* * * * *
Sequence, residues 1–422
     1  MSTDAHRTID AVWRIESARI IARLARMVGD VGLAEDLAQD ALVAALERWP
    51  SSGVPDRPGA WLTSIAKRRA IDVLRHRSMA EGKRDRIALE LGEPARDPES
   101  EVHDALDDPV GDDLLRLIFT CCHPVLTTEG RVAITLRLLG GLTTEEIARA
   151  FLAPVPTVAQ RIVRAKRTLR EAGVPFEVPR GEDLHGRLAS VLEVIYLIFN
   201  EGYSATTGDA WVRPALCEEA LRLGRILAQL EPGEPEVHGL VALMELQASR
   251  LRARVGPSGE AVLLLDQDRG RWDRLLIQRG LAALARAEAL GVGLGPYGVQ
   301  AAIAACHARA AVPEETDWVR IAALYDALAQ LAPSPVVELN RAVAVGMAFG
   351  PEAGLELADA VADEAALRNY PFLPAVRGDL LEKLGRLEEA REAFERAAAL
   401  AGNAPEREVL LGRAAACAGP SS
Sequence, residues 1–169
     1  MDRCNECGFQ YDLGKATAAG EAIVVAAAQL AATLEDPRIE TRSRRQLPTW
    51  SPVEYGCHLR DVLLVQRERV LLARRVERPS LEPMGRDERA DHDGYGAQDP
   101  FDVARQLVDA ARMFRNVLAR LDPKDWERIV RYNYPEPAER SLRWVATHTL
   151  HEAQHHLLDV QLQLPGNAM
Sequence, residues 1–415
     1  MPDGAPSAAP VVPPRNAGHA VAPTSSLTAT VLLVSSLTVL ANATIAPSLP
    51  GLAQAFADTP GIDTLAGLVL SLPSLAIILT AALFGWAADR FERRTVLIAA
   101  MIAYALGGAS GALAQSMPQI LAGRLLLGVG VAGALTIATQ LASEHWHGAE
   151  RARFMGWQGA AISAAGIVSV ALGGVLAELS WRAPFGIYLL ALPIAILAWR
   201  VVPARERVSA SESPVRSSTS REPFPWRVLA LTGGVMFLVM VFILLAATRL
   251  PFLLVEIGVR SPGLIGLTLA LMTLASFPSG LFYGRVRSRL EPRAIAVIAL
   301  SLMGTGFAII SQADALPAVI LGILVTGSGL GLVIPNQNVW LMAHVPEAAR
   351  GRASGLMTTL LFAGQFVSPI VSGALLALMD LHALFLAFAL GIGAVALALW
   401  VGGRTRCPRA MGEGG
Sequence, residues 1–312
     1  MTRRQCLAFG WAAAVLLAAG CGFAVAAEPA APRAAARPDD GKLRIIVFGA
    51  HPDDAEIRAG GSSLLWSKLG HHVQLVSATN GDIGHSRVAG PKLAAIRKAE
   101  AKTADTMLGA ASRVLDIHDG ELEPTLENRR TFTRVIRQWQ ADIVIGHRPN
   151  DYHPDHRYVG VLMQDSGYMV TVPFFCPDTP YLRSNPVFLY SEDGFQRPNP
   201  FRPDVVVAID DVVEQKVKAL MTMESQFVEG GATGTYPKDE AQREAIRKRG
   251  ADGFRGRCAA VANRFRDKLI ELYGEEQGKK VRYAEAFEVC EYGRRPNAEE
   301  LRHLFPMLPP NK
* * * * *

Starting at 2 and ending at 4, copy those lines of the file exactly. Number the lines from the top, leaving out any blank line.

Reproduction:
     1  MSTDAHRTID AVWRIESARI IARLARMVGD VGLAEDLAQD ALVAALERWP
    51  SSGVPDRPGA WLTSIAKRRA IDVLRHRSMA EGKRDRIALE LGEPARDPES
   101  EVHDALDDPV GDDLLRLIFT CCHPVLTTEG RVAITLRLLG GLTTEEIARA